[manual index][section index]


qio: qget, qdiscard, qconsume, qpass, qproduce, qcopy, qopen, qbread, qread, qbwrite, qwrite, qiwrite, qfree, qclose, qhangup, qreopen, qlen, qwindow, qcanread, qsetlimit, qnoblock, qflush, qfull - queued I/O for devices


Queue* qopen(int limit,int msg, void (*kick)(void*),void *arg)

void qhangup(Queue *q, char *reason)

void qclose(Queue *q)

void qreopen(Queue *q)

void qfree(Queue *q)

long qbwrite(Queue *q, Block *b)

long qwrite(Queue *q, void *buf, int len)

int qpass(Queue *q, Block *b)

int qpassnolim(Queue *q, Block *b)

int qproduce(Queue *q, void *buf, int len)

int qiwrite(Queue *q, void *buf, int len)

Block* qbread(Queue *q, int len)

long qread(Queue *q, void *buf, int len)

Block* qcopy(Queue *q, int len, ulong offset)

Block* qget(Queue *q)

int qconsume(Queue *q, void *buf, int len)

int qdiscard(Queue *q, int len)

void qflush(Queue *q)

int qlen(Queue *q)

int qwindow(Queue *q)

int qcanread(Queue *q)

void qsetlimit(Queue *q, int limit)

void qnoblock(Queue *q, int nonblock)

int qfull(Queue *q);


This suite of functions provides serial data buffering for device drivers. Data is stored in a Queue structure as a sequence of variable-sized Blocks; see allocb(10.2).

Qopen initialises and returns a pointer to a new Queue, configuring it according to the following parameters:

Set the queue limit (high water mark) in bytes.
Set message mode if non-zero; otherwise, stream mode (discussed below).
Optional flow-control function called by qbread to restart writers, and by qbwrite (also qiwrite) to restart readers.
Argument to pass to kick

Qhangup marks q as `hung up' for the given reason (Ehungup by default). Subsequent attempts to write to the queue raise an error(10.2). Qhangup does not flush the queue: subsequent read requests are handled normally until the queue empties. Qread and the other functions then return their conventional values for a hungup stream: 0, -1 or a null pointer, depending on the function. After a few such attempts by any process, an error(10.2) is raised (typically Ehungup) on each subsequent read.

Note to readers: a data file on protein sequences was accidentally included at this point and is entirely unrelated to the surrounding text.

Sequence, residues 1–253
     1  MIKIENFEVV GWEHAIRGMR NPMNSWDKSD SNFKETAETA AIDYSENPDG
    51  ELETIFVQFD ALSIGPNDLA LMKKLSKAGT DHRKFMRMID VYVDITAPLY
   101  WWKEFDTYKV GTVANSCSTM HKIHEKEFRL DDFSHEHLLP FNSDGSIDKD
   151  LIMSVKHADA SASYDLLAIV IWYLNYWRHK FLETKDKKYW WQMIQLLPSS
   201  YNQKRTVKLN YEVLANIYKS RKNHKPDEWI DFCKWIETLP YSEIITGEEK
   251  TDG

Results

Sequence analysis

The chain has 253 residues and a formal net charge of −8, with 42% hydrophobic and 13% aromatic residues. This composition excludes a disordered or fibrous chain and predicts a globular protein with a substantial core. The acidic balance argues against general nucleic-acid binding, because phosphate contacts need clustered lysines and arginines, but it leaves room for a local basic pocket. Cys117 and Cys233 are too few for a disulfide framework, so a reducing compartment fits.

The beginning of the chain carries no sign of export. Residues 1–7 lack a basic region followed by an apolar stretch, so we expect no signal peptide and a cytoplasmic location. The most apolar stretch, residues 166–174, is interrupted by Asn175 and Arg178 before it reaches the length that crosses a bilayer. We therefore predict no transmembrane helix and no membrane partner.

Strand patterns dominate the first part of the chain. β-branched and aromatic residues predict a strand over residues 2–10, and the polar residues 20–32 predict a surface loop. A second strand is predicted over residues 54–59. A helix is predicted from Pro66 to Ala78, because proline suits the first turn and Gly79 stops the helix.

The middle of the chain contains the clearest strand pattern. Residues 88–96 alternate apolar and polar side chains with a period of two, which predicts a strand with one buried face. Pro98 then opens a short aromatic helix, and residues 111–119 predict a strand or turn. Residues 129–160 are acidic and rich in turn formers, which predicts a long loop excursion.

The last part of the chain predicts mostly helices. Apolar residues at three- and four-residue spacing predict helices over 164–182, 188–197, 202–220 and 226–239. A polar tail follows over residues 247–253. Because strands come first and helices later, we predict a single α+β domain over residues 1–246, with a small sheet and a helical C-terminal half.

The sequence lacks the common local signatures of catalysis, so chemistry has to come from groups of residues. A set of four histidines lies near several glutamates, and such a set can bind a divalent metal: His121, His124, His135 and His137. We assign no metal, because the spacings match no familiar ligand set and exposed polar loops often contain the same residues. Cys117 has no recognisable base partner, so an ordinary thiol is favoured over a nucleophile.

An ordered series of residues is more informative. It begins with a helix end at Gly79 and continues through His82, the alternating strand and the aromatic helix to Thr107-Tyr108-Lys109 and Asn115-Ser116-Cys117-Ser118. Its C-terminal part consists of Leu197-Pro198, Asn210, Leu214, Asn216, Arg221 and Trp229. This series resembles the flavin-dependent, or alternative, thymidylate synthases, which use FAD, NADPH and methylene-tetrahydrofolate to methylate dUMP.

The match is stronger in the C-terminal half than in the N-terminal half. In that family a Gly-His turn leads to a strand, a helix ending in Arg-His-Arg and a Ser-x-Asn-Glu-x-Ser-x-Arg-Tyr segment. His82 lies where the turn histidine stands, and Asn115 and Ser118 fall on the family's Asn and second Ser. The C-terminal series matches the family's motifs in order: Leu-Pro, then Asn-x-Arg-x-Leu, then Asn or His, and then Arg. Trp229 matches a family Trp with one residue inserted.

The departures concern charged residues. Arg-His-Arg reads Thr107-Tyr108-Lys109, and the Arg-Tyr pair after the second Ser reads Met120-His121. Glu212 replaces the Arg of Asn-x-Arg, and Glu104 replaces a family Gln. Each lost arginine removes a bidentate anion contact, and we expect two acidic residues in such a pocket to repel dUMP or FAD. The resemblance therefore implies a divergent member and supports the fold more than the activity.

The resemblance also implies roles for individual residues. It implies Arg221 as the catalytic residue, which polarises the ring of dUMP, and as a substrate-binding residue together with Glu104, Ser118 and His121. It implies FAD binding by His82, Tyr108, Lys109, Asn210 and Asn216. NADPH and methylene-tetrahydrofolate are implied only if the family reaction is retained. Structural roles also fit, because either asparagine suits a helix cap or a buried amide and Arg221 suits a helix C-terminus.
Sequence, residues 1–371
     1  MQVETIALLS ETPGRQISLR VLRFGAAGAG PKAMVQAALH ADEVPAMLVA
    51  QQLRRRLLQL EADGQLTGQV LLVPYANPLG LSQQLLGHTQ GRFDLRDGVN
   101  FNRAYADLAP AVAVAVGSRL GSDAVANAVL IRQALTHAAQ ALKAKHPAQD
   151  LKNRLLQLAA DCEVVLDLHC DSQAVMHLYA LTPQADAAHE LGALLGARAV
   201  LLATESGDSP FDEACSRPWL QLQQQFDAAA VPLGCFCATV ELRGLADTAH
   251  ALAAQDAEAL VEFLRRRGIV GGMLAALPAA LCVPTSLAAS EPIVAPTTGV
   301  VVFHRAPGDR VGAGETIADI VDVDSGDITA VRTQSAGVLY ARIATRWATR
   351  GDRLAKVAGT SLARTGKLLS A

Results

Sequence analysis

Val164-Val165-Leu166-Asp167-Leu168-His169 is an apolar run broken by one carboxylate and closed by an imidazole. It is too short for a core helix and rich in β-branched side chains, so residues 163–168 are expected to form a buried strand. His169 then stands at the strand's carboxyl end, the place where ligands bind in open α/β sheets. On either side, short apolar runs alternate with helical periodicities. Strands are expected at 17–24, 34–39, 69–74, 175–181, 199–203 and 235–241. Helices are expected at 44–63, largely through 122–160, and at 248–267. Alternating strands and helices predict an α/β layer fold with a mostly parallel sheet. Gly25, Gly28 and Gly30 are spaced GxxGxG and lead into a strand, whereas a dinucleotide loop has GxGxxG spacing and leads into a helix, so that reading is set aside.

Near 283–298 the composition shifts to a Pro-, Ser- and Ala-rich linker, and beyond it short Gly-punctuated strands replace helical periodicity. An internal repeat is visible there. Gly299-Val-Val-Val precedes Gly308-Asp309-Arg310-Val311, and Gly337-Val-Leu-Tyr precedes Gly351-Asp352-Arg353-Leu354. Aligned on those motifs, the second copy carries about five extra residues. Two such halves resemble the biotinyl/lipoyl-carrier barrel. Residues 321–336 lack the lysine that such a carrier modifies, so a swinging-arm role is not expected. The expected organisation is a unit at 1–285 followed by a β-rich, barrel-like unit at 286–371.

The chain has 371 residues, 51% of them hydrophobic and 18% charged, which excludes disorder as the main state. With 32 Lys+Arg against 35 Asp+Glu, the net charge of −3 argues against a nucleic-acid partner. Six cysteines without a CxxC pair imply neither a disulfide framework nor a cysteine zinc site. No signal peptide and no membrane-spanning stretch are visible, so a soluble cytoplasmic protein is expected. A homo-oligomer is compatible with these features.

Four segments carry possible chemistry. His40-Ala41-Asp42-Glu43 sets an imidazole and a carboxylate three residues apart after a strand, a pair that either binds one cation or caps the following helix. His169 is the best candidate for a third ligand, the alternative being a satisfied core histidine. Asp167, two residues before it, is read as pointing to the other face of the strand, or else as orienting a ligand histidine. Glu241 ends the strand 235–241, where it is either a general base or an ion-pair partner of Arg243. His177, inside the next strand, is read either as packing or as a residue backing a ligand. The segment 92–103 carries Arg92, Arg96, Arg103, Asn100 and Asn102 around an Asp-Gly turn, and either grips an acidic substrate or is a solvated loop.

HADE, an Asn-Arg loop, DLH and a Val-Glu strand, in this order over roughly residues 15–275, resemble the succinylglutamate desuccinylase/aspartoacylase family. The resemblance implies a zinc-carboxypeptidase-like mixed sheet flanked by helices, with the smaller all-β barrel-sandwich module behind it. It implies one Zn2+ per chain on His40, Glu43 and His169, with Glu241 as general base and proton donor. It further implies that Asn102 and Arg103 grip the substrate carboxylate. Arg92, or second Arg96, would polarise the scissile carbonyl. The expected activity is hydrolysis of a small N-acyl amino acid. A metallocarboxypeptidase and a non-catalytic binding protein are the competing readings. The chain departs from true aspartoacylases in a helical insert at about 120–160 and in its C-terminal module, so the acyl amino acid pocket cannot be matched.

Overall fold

If queued data is left unread, and not flushed by qflush or qclose, the data will again be readable following a subsequent qreopen.

Qclose also marks a given q as `hung up', but removes and frees any queued data Blocks. Qclose ignores calls when q is null.

Qreopen makes a closed or hung up queue available for use again. The queue's data limit is reset to the limit value given when the queue was first created by qopen, cancelling the effect of any previous call to qsetlimit.

Qfree closes q with qclose and frees it. The caller must ensure that no references remain; these functions do not keep a reference count.

Flow control
The queue I/O routines provide a flow control mechanism to coordinate producers and consumers. Each queue has a limit on the number of bytes queued, its `high water mark', initially set when the queue is created, but adjustable by qsetlimit, below. The low water mark is not set explicitly: it is always half the current queue limit. When the high water mark is exceeded, writes normally block until a reader drains the queue below its low water mark; the writer is then allowed to proceed. Conversely, readers normally block when the queue is empty, until a writer arrives with data, or the queue is closed.

A queue can be given a kick function when the queue is created by qopen. The function is invoked by qread and qbread, to prod an output routine when the queue falls below the low-water mark, and by qwrite, qbwrite and qiwrite, to notify a reader that a queue is no longer empty. Because kick is called from the reading (or writing) process, or an interrupt handler, it must not block.

Interrupt handlers must not sleep(10.2), and are therefore restricted to using only the non-blocking functions described below.

Stream mode and message mode
In stream mode, no read will return more than one block of data, but a read can split a block that contains more data than requested, leaving the remainder in a new block at the front of the Queue. Writes of more than the maximum Block size (currently 128k bytes) are split into as many Blocks as required, each written separately to the queue, in order, but with possible flow-control between them. The queue is locked meanwhile, however, so that data from other writers is not intermingled.

In message mode, by contrast, a read will return at most one block's worth of data, but the remainder of a partially-read block will be discarded, not returned to the queue. If a write count exceeds the maximum Block size, the excess data is discarded: at most a single block can be queued.